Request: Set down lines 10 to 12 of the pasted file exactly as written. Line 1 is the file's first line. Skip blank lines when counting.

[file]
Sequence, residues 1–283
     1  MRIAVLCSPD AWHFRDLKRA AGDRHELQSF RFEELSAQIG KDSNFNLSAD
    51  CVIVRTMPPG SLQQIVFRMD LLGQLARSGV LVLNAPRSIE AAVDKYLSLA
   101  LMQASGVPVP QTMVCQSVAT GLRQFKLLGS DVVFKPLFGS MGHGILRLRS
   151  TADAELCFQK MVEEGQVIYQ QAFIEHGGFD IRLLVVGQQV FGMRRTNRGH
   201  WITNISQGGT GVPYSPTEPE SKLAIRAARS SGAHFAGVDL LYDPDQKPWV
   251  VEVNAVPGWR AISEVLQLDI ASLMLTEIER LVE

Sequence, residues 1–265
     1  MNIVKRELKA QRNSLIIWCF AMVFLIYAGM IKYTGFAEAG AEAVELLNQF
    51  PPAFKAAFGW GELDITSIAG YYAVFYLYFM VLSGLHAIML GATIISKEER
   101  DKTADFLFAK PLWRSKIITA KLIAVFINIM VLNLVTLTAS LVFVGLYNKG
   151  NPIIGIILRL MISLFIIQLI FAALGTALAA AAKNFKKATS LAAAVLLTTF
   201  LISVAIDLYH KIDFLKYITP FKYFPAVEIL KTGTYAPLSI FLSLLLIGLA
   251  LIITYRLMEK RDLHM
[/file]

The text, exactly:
    51  PPAFKAAFGW GELDITSIAG YYAVFYLYFM VLSGLHAIML GATIISKEER
   101  DKTADFLFAK PLWRSKIITA KLIAVFINIM VLNLVTLTAS LVFVGLYNKG
   151  NPIIGIILRL MISLFIIQLI FAALGTALAA AAKNFKKATS LAAAVLLTTF